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face? >> yes, or to carry the man that is in the movie with us, the black gentleman that carried that young italian man all the way, and then he died. you can't forget things like that. >> cannot. >> you can't get over things like that. >> how do you think the vietnam war is remembered in our society today, or is it? >> well, you know, when my son richard, our youngest, who is 40, was studying in his social class in middle school, the vietnam war, this is before the internet, there was -- i forget the encyclopedia, but there was a two-inch paragraph on the vietnam war. >> that's it?
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>> because he was studying the vietnam war. i said, richard that was not all there was, and it said the beginning and then it said the end. i said that's not all there was to the vietnam war. so now i believe because of the vietnam vets and because of people like you and because of people like normal and because of people like my husband and because of people like many, many, many of us all over the country that have written about it and talked about it -- cheryl and pat doing the movie, and you and me willing to talk about it, and i think this country has a better picture of the vietnam war and i think it has a much better picture of the men and women that served in vietnam. we were not all high school dropouts. we were not all drug addicts.
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we were not all misfits. we were not all black or hispanic. we were a microcosm of this country. we were a very well educated group of men and women. and we served proudly. and i think that picture has changed. but it's because people like you have written about it. people like me have been willing to speak about it. i think that's what has changed it. and our children have changed it. >> i have to tell you, i was in vietnam in '05, and i went in a bookstore in hanoi, and i was looking at their books and i found a middle school textbook and there was about that much of the american and vietnam war, so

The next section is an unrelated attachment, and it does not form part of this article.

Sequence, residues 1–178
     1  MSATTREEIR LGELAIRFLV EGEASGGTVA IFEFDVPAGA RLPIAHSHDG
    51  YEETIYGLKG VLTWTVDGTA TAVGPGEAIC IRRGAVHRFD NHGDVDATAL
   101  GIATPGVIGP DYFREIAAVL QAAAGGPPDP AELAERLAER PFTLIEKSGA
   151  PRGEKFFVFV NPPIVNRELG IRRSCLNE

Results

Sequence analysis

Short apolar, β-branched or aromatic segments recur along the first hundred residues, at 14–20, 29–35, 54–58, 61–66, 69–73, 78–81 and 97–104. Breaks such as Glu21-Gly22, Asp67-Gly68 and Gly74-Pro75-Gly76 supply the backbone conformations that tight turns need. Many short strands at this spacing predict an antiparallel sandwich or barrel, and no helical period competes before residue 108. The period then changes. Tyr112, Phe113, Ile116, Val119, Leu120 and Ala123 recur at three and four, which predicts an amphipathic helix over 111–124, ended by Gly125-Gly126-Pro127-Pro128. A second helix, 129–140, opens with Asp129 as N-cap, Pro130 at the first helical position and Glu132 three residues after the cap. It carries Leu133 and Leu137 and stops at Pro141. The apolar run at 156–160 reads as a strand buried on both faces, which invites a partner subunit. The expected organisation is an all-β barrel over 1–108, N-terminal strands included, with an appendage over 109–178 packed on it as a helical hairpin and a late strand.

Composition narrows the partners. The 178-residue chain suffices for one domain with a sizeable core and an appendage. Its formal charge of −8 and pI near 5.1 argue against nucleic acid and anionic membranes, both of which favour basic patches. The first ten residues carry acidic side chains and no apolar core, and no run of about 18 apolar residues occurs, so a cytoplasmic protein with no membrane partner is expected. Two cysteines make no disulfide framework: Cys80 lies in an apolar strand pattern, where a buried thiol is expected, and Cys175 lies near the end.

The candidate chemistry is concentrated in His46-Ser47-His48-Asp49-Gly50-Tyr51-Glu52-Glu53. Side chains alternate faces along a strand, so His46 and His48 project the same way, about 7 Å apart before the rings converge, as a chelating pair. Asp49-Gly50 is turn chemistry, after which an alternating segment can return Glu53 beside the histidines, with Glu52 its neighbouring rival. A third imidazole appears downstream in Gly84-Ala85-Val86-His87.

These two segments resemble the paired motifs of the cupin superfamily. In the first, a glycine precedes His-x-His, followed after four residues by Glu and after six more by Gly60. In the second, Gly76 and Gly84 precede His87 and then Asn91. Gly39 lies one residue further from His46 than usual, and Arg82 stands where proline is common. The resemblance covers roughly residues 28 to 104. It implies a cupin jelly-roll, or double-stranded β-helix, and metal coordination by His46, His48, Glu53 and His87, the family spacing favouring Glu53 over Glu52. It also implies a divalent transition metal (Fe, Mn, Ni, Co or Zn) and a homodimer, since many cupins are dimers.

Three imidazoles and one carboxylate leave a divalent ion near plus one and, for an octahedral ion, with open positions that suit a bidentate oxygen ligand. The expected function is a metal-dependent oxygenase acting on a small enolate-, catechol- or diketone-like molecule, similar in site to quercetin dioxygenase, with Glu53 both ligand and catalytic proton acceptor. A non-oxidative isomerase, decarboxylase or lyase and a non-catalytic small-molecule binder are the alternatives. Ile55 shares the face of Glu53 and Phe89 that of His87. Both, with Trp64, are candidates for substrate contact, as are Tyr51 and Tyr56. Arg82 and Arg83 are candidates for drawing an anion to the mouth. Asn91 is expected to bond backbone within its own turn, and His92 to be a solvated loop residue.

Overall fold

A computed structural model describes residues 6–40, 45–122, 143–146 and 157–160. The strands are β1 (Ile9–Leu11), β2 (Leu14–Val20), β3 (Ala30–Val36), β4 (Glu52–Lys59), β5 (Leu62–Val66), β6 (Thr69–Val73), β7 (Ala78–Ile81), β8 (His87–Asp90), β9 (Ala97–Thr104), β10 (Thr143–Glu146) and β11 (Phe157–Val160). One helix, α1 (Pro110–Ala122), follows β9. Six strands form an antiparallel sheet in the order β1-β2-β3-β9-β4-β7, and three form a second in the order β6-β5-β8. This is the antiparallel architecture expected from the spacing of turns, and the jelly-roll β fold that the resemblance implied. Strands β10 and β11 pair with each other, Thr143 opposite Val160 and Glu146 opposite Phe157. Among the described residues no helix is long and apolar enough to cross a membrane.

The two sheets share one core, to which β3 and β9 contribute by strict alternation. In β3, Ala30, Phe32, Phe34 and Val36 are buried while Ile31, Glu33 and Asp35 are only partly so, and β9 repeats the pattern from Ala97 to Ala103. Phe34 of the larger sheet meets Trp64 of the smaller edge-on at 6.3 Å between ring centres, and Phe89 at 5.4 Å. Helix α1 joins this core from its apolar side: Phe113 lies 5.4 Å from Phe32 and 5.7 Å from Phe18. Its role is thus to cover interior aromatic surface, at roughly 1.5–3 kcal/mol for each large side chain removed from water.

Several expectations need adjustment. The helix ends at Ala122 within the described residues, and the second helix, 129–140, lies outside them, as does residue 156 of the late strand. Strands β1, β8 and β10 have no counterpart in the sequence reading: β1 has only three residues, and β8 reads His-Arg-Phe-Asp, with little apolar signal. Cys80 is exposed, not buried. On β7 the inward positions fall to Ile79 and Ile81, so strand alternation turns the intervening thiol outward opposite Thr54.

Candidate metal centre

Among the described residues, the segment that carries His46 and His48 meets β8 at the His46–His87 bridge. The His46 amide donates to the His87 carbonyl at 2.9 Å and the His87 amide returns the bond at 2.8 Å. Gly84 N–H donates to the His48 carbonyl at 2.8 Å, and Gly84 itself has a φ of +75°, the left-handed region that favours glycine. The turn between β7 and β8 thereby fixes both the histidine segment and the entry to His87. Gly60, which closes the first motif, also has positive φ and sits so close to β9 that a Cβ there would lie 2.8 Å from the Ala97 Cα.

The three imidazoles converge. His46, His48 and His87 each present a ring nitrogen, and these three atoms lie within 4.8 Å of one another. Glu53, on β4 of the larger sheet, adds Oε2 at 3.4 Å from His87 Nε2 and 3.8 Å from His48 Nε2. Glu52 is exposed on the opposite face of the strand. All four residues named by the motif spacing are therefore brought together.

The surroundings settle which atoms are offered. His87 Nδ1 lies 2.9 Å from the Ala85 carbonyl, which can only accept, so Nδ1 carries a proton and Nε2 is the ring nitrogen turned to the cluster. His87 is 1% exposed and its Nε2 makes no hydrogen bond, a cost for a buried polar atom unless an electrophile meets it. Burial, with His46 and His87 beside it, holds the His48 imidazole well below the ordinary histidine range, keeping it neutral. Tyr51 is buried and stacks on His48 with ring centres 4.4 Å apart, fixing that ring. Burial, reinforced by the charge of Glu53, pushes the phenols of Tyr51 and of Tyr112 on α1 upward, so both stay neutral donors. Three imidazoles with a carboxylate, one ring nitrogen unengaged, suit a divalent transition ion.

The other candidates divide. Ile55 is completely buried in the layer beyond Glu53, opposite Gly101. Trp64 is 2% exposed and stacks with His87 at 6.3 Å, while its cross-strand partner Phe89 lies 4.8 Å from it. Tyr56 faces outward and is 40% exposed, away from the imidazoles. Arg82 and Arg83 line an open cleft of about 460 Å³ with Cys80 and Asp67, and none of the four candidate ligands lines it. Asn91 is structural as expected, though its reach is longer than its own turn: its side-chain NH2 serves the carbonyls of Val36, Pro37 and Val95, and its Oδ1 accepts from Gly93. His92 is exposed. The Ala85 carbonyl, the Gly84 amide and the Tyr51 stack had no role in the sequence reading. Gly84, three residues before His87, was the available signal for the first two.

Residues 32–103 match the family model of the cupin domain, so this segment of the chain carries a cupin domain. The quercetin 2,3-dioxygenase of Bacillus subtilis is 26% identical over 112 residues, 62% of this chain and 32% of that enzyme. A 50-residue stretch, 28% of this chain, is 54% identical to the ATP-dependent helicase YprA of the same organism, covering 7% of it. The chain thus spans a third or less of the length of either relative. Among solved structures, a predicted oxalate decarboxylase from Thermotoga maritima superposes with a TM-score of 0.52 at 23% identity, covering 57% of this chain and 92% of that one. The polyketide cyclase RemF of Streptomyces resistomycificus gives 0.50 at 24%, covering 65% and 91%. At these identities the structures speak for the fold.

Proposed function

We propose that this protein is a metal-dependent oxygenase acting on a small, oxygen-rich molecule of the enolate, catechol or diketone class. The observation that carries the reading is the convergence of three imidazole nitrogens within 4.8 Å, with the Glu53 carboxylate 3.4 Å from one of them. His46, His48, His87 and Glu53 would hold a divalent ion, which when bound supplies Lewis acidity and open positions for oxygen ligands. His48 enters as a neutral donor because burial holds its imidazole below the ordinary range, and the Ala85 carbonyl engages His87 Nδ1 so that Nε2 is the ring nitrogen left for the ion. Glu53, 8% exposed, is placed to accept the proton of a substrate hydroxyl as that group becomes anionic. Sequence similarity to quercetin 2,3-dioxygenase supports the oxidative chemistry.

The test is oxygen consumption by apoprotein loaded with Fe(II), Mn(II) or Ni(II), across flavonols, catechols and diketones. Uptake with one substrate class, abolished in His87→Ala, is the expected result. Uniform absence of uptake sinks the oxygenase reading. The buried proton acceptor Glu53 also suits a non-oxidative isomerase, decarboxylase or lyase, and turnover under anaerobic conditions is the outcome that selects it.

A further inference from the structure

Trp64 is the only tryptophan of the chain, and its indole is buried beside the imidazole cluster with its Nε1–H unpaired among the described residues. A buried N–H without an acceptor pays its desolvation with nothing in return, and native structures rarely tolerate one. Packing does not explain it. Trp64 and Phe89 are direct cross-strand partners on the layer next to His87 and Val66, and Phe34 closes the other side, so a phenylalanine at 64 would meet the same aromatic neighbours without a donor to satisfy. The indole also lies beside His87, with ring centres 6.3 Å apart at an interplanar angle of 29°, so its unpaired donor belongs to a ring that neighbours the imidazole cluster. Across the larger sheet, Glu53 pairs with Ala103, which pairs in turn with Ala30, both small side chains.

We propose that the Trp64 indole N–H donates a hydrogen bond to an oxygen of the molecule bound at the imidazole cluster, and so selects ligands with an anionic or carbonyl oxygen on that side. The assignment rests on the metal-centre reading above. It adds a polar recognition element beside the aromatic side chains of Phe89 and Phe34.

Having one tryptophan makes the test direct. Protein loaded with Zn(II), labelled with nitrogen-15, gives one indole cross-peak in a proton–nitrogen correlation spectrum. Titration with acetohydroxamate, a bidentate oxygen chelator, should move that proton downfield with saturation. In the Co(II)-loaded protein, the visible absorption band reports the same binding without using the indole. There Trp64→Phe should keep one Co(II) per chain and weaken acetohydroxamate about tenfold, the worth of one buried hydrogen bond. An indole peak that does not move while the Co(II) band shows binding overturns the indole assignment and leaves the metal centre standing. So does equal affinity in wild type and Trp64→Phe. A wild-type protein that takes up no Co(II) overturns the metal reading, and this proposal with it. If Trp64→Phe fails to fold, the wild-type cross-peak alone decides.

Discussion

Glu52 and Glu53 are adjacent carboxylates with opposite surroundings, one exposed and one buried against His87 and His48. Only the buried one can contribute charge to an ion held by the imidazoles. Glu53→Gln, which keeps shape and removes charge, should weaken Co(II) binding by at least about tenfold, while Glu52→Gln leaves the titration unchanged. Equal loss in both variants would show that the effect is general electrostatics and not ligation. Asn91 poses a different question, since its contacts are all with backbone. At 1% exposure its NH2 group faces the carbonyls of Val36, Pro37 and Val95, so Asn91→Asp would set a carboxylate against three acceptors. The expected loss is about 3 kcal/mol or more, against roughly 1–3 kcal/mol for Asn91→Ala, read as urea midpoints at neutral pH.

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it's the same place in both places. >> yeah. now, for example, i have three speaking engagements next month, one at noon at a high school, and one at king high school in roswell, and one at another high school and i forget what it is, it's on my calendar, and they are asking us to come and talk to their classes, the vietnam vet classes. southern poly technical institute has a class -- a sole semester class on the vietnam war. >> all right. >> but it's because roger, who is running that class, he's a vietnam vet. >> did you take away more from vietnam that is positive and
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useful that you spent in blood, sweat and tears? >> yes, i did. i think both al and i would say the same thing. it was a sacrifice and it was hard, but i think both, al and i and our children -- well, our whole family was changed by our experience in vietnam. i think we became better people. i think we're better because of it. >> in the end what did that war mean to you and your generation? >> you know, we were idealisic. we were raised with the love of god and love of country and love of family, so when our country asked us to fight for peoples'
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freedom, it was just a natural thing for us to do as the children of the greatest generation. so we were very idealistic. we carried those ideals with us to vietnam, and in some cases they were shattered, but i believe that our generation showed that we were willing to sacrifice for someone else's freedom. i just watched "sons of will beer -- liberty," and i watched adams and john hancock and i